Can Cuomo win like Gillibrand, Schumer and Spitzer did?

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Mario Cuomo celebrates the election of his son, Andrew, as governor in 2010. (AP Photo/Kathy Willens)
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Please see clarification on percentages at the end of this article. 

There’s little doubt, barring an indictment-type event, that Andrew Cuomo is going to prevail in November’s gubernatorial election.

The more interesting question is whether he’ll be able to beat Westchester County Executive Rob Astorino by a margin that is impressive by the standards of recent Democratic victories in New York.

Cuomo—who is widely believed to be interested in running for national office—will be hoping at a minimum to improve upon his performance in 2010.

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Certainly, some of his key political decisions have lined up with that desire.

Cuomo has strenuously avoided political behavior that can be labeled “Democratic,” the better to attract support from Republicans and independents to pile on top of support from his own party’s voters.

With that liberal support threatened by an insurgency on his left, Cuomo swung the other way, acceding to the demands of the unions that form the core of the Working Families Party to kill off a challenge from Fordham Law professor Zephyr Teachout. (Cuomo’s campaign attempted to block Teachout from the Democratic primary ballot, too.)

Meanwhile, the governor is lavishing resources and attention on Western New York, the one part of the state in which he performed poorly against Buffalo businessman Carl Paladino four years ago.

Cuomo, a Democrat with a famously Democratic surname, would likely be in a position to win handily this year even if he had made none of those decisions. New York, after all, is a very blue state. No Republican president has carried it since Ronald Reagan in 1984. George Pataki was the last Republican governor to win election, in 2002, and his term ended in 2006, when Eliot Spitzer was elected with 66 percent of the vote.

The last Republican senator from New York was Alfonse D’Amato, who lost in 1998 to Chuck Schumer, the same year the last Republican attorney general, Dennis Vacco, lost to Spitzer. The last Republican comptroller was Edward Regan, who resigned from office in 1993.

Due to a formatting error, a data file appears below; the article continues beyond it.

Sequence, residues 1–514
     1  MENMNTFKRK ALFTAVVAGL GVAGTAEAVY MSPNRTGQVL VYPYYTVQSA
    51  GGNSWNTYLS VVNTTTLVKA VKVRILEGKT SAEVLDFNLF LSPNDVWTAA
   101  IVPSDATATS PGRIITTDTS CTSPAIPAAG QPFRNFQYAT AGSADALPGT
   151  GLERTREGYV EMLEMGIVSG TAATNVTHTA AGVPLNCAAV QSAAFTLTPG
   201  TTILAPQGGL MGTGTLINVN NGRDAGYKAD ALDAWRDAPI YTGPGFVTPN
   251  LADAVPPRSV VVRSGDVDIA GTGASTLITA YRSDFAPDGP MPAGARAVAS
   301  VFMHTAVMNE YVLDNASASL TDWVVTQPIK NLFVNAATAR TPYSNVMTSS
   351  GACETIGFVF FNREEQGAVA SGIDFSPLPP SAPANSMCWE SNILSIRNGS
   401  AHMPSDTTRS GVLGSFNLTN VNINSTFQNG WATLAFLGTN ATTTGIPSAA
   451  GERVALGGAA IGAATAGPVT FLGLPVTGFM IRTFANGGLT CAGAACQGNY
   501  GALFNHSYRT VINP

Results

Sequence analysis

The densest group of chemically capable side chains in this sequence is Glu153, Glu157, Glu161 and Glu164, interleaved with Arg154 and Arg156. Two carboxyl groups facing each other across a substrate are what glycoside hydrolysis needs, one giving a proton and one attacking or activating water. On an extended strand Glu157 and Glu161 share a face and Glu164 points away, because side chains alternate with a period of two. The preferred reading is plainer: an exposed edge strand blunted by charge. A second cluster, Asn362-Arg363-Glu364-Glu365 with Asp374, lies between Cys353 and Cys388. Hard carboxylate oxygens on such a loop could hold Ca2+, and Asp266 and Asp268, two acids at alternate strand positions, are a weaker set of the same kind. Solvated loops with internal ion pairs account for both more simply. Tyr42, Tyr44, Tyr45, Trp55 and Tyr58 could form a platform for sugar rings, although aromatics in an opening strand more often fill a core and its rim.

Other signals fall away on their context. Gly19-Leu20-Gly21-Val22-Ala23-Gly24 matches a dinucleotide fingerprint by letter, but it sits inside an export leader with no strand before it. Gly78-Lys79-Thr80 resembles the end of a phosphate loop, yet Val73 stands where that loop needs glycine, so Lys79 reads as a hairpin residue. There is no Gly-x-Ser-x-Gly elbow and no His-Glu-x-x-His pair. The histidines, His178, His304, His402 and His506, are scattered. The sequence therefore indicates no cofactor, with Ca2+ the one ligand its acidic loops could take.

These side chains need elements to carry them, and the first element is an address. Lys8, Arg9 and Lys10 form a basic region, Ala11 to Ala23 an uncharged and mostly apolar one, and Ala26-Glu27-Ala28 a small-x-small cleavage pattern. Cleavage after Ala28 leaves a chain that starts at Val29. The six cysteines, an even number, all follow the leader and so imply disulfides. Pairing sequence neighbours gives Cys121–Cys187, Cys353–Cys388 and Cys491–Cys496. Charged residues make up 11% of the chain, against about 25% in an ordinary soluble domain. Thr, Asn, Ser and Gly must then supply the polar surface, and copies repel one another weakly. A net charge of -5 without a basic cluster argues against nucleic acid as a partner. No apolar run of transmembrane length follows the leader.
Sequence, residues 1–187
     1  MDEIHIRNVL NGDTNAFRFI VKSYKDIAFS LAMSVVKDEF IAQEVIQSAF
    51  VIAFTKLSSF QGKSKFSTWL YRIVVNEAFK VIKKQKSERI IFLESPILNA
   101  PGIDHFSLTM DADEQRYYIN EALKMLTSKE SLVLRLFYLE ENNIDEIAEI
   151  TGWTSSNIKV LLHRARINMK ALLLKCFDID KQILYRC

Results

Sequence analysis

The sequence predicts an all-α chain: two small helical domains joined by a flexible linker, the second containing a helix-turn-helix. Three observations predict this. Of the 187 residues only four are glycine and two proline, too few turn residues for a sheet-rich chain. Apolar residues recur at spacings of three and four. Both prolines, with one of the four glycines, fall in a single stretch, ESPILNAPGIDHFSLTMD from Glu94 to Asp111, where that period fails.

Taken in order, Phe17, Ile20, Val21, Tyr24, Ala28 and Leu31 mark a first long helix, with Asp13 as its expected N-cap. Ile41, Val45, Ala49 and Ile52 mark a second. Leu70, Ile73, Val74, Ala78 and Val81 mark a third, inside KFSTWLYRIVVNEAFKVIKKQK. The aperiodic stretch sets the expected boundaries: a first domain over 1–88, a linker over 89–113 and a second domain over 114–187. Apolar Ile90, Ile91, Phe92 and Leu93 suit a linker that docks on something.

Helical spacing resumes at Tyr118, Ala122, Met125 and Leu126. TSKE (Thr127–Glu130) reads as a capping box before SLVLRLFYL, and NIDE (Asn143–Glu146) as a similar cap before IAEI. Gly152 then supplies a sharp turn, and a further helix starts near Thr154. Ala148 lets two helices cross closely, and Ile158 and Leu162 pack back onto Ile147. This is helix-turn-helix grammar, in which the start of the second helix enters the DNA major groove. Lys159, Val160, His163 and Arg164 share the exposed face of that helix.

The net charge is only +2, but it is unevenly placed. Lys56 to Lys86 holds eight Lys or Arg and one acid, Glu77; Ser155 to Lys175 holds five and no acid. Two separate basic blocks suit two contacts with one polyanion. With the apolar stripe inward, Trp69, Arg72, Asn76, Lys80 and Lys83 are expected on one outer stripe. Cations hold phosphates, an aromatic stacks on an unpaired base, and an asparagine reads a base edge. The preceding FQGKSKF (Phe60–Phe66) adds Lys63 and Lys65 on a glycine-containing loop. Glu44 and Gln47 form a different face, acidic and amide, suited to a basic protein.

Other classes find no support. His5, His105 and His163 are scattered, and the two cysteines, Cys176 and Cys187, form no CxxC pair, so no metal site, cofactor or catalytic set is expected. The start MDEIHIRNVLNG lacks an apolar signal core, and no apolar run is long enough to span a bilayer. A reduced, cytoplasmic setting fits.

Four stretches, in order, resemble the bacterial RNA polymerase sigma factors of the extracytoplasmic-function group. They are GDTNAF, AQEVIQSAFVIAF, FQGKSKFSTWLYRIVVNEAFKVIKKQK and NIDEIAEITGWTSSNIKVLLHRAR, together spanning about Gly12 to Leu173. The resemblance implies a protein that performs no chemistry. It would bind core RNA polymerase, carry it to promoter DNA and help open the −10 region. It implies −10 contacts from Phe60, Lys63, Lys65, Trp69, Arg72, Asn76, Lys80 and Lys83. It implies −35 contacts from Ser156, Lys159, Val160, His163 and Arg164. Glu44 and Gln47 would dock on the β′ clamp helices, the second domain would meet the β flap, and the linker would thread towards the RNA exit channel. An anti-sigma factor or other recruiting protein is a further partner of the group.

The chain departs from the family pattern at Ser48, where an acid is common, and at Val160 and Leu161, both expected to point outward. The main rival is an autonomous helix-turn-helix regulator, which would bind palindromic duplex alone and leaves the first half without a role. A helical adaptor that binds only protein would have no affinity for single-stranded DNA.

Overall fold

Since 2000, Democrats running at the top of the ticket for statewide and national office have won an average of around 60 percent of the vote in New York.

The high-water marks were Kirsten Gillibrand’s 68 percent in the 2012 Senate race, Spitzer’s 66 percent in 2006, and the 64 percent won by Schumer in 2004 and 2010 and Hillary Clinton in 2006.

The Democratic vote-shares in down-ballot statewide races over that same period have been smaller, averaging around 50 percent. Spitzer’s 2002 election to attorney general, when he won with 59 percent, was an outlier. Cuomo won his attorney general election with 53 percent in 2006 and Eric Schneiderman won in 2010 with 52 percent. Alan Hevesi won the comptroller’s race in 2002 with 45 percent and in 2006 with 50 percent of the vote, despite being investigated for ethics violations in the later election. Tom DiNapoli won the comptroller’s race in 2010 with 48 percent.

In what seems to have been a last hurrah for Republicans, George Pataki won re-election in 2002 with 48 percent.

As of this writing, Cuomo is polling in the mid-50s. That’s where his polling average was in 2010, when he ended up winning with 61 percent. If he wants to replicate what Gillibrand, Spitzer and Schumer managed to do statewide, it looks like he’s going to have to pick up the pace.

This article appeared in the September edition of Capital magazine.

CLARIFICATION: The percentages in this article reflect the number of votes the candidates received out of the total number of votes cast in the election, including "blanks" and "voids."

The candidates' totals are more often understood as a percentage of valid votes cast for candidates in their races, discarding blanks and voids. Those are the percentages more commonly cited in articles, including ones on this site.

For the sake of clarity, we've left the numbers in here from the original version of the article, which all use the total number of ballots cast, and which are therefore lower than the winning percentages commonly cited for each race.

The percentages in each of the elections cited here, calculated considering only valid votes cast for a candidate in those races, are as follows:

Obama 2012: 63%
Gillibrand 2012: 72%
Cuomo 2010: 62%
Gillibrand 2010: 63%
Schumer 2010: 66%
Obama 2008: 63%
Spitzer 2006: 70%
Hillary Clinton 2006: 67%
Kerry 2004: 58%
Schumer 2004: 71%
Gore 2000: 60%
Hillary Clinton 2000: 55%